Current News

Diversity celebrated at pre-session reception

The Colorado Statesman

Members of the Black Democratic Legislative Caucus and the Colorado Democratic Latin@ Caucus had a lot to be proud of when they gathered Jan. 7 for their second annual “Celebrating Diversity” reception before the start of the legislative session. State Rep. Rhonda Fields, D-Denver, had just been chosen as Speaker Pro Tem and her leadership post is one of several held by members of each caucus, putting the Colorado legislature on the map for its diverse delegation.

Title set for measure to limit college concealed guns

Colorado’s Initiative Title Setting Review Board this week set a title for a statutory initiative to limit concealed handguns on Colorado public college and university campuses. A 2012 poll shows 65 percent of Colorado voters are in favor of banning concealed guns on college campuses.

With deference to Ken Gordon, withhold your cheers… and your money, and your votes

The Colorado Statesman

The recent death of former state Sen. Ken Gordon was like that cold gush of wintry air that hits you in the face after you open the front door and get ready to leave your warm house. Unexpected, harsh and smarting for an instant.

Justice, truth and peace — and remembrances of my Bar Mitzvah

By Ken Gordon

Editor's Note: The following column was written by former Senate Majority Leader Ken Gordon on May 21, 2009.

Today Andrew Romanoff, Herzl Melmed and I received awards from the Jewish Community Relations Council. Herzl, a doctor, lived in Israel during the Six Day and Yom Kippur Wars and cared for casualties. He has an enormous number of accomplishments. When he accepted his award, he gave credit to others. “Finally,” he said, “I have to talk about my wife, behind every man, there is a woman... rolling her eyes.”

Ken Gordon remembered as ‘the people’s politician’

The Colorado Statesman

Former Senate Majority Leader Ken Gordon is being remembered as the people’s politician, having traded the usual inner circle establishment politics for a legacy of grassroots mobilizing that continues to shape the landscape of Colorado politics.

Gordon died on Dec. 22. He was 63.

Elected officials have a very narrow range of political options

By Ken Gordon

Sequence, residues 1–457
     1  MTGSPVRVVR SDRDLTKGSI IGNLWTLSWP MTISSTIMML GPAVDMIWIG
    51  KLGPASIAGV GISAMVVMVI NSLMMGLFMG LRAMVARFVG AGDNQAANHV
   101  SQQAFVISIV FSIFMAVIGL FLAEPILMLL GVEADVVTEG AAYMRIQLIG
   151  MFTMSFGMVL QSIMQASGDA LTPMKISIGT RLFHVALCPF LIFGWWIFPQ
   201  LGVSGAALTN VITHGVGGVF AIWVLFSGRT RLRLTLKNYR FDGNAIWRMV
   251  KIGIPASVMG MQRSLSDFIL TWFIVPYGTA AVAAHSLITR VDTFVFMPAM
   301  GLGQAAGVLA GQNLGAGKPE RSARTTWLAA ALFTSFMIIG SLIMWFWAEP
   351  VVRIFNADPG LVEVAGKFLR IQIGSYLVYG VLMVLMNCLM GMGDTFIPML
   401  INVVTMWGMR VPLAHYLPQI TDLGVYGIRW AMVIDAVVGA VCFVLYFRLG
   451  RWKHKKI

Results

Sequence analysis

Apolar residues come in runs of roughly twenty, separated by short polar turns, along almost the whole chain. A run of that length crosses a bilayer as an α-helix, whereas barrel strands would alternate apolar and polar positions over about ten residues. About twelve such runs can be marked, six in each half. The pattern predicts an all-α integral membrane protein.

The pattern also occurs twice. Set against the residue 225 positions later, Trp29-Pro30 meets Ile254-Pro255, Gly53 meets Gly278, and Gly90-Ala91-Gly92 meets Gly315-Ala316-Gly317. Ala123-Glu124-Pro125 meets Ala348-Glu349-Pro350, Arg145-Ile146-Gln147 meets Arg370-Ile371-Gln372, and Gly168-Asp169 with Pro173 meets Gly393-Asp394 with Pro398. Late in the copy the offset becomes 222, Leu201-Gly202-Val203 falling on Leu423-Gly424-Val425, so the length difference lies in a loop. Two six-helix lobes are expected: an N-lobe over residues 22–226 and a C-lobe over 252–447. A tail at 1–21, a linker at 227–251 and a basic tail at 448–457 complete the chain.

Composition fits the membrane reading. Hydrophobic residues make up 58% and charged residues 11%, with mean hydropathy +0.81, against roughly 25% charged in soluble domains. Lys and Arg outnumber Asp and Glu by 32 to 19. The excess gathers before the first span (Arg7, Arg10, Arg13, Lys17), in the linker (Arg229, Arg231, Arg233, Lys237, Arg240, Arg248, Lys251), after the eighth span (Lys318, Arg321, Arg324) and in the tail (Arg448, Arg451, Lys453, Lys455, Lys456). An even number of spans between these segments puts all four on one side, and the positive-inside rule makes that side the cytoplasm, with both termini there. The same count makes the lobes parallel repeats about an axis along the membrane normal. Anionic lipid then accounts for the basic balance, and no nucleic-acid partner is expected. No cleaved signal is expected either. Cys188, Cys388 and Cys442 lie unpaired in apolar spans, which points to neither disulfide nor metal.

Editor's Note: The following column was written by former Senate Majority Leader Ken Gordon on Nov. 10, 2009.

The other day I got a ticket for speeding near a school. I’m not complaining. I deserved it. I hadn’t gotten a ticket for many years and I hadn’t noticed that the speed limit had dropped on that section of the road. The amount of the fine though was surprising — $230. The Denver police officer even apologized. “The reason it is so high is because this is a school zone.”

Withhold your cheers… and your money, and your votes

By Ken Gordon

Editor's Note: The following column was written by former Senate Majority Leader Ken Gordon on Aug. 10, 2009.

Democracies can do the wrong thing, just as more authoritarian governments can. The policies of a democracy will be no smarter, no less selfish, no more fair, and no more courageous than the people of the country.

It is because of this exact relation between the character of the people and the actions of a democratic government that the current debate on health care is so horrifying.

Darryl Mark Eskin – Dec. 11, 1948 – Dec. 18, 2013

Darryl Mark Eskin died, only a few days beyond his 65th birthday, after a prolonged illness. Born in Rochester, NY, the family later relocated to South Florida, where Eskin died at the age of 65.

Recently retired from his role as a political consultant in Adams County, Colorado where, along with his work with the Democratic Party, Darryl proudly championed veteran’s rights as well as numerous other causes.

Drilling away at fracking bans, lawsuits

Complicated election laws could overturn ban in Broomfield; lawsuits also filed in Lafayette, Fort Collins
The Colorado Statesman

The fate of hydraulic fracturing in Broomfield remains in limbo as attorneys continue to drill away at complicated and intertwining court cases that don’t exactly have to do with so-called “fracking” itself.

When Broomfield voters this November backed a five-year moratorium on fracking by only 17 votes, proponents of the temporary ban rejoiced that those in the community had heard their call.